< The Finance Professionals' Post: November 2015

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5 posts from November 2015

11/19/2015

Water Megatrend Creates Compelling Backdrop for Investors

Despite water covering 70.0% of the earth’s surface, only 3.0% is fresh, and just 0.5% accessible to humanity. Presently, 2.5 billion people, almost 40.0% of the world’s grain production, and approximately 25.0% of global GDP are at risk because of non‐sustainable water use1. The problems of water scarcity, contamination, and uneven distribution of the resource are becoming increasing prevalent around the world, as water use has grown at more than twice the rate of last century’s rise in population2. Consequently, pressure is mounting on the demand side as the global population increases while the availability of potable water dwindles and lessens supply. The supply and demand imbalance also increases pressure on food and energy security around the globe. As a result, according to Ladenburg Thalmann Senior Water Equity Research Analyst, Richard Verdi, water will be the resource to define the next several decades via a substantial increase in its value.

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11/17/2015

Donald Trump, grade level, and your financial writing

TrumpDonald Trump’s appeal has surprised many observers of presidential elections. Love him or hate him, you can’t ignore his presence. Part of his appeal rests on his use of plain language, according to a recent article. That’s something financial professionals should note because of its implications for your writing.

Trump speaks at a fourth-grade level, according to “For presidential hopefuls, simpler language resonates,” which appeared in The Boston Globe. The newspaper calculated the grade level of presidential candidates’ announcement speeches. Lower grade levels use fewer characters and syllables per word, as well as shorter sentence lengths.

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Three Critical Steps for Extracting Great Insights (Step 2: Calm Their Concerns)

Meditate“I can’t believe you would be so insensitive!”

“How could you say something like that?”

Have you ever heard these statements directed at you? What was your initial reaction? A voice in your head probably said, “Be very, very careful what you say next.” It’s human nature to raise our defenses when we feel attacked, which is an important concept for equity research analysts to internalize when interviewing or emailing information sources (including management of the stocks under coverage).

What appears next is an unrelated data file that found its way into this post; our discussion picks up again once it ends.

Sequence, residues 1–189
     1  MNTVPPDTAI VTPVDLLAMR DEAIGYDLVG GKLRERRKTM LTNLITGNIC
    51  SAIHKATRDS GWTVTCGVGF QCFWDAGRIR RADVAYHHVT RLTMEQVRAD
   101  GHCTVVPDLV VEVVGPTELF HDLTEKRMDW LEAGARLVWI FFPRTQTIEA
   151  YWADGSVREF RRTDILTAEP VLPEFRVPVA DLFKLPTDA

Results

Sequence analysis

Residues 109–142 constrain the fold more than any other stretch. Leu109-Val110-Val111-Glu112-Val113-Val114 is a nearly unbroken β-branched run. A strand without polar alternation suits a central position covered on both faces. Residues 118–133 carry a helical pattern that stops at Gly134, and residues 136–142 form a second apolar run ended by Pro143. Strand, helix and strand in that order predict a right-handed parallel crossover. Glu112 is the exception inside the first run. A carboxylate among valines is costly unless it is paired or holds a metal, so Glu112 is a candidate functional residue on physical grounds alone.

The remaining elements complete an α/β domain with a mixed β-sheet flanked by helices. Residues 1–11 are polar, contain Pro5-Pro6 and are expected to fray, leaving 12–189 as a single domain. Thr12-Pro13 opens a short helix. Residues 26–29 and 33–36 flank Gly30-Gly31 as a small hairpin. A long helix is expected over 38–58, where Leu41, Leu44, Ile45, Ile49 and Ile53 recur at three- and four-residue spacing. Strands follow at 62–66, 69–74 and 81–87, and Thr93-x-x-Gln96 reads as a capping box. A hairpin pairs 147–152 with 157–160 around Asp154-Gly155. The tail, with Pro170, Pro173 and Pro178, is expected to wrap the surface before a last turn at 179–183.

In a prior post, I made the case that by using best practices found in journalism and the legal and law enforcement professions, analysts can elicit more thorough answers from their information sources.  Using my ICE™ framework, I discussed the “I” for identifying parameters as the first step for success. In this post I cover the “C” to calm their concerns.

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The Great Mismatch: Addressing Barriers to Global Capital Flows (Part III)

PART III: The Barriers to Efficient Capital Flows (continued)

Efficient cross-border capital flows—allowing investors to search for reliable returns, and in the process, meet legitimate capital needs wherever they are—would be a more effective way to finance the global economy than today’s system. In theory, few dispute this. In practice, many barriers have been erected that hamper efficient flows. The deliberate or inadvertent barriers to efficient global capital flows have been erected by a unique combination of regulators, governments, historical conventions and path-dependencies, investor mindsets and capital-seekers themselves (see below exhibit).

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Mastering ’Metrics: The Path from Cause to Effect

The authors provide an easy-to-read overview of key concepts in econometrics for anyone desiring a strong intuitive description of how to conduct analysis using simple techniques. Covering a limited number of topics with practical examples of each, they offer a useful framework for conducting fundamental econometric analysis. Although the book does not directly discuss financial issues, it provides a good foundational review for the financial empiricist who wishes to better structure econometric tests.

Statistics is second only to accounting among the technical skills necessary for engaging in modern finance and is fundamental for anyone who considers quantitative work a core element of finance. Unfortunately, practitioners’ actual statistical and econometric knowledge and intuition may be more limited than their level of academic exposure would suggest. No one willingly reads a book on econometrics to close this knowledge gap, so technical skills atrophy rather than advance with money management experience.

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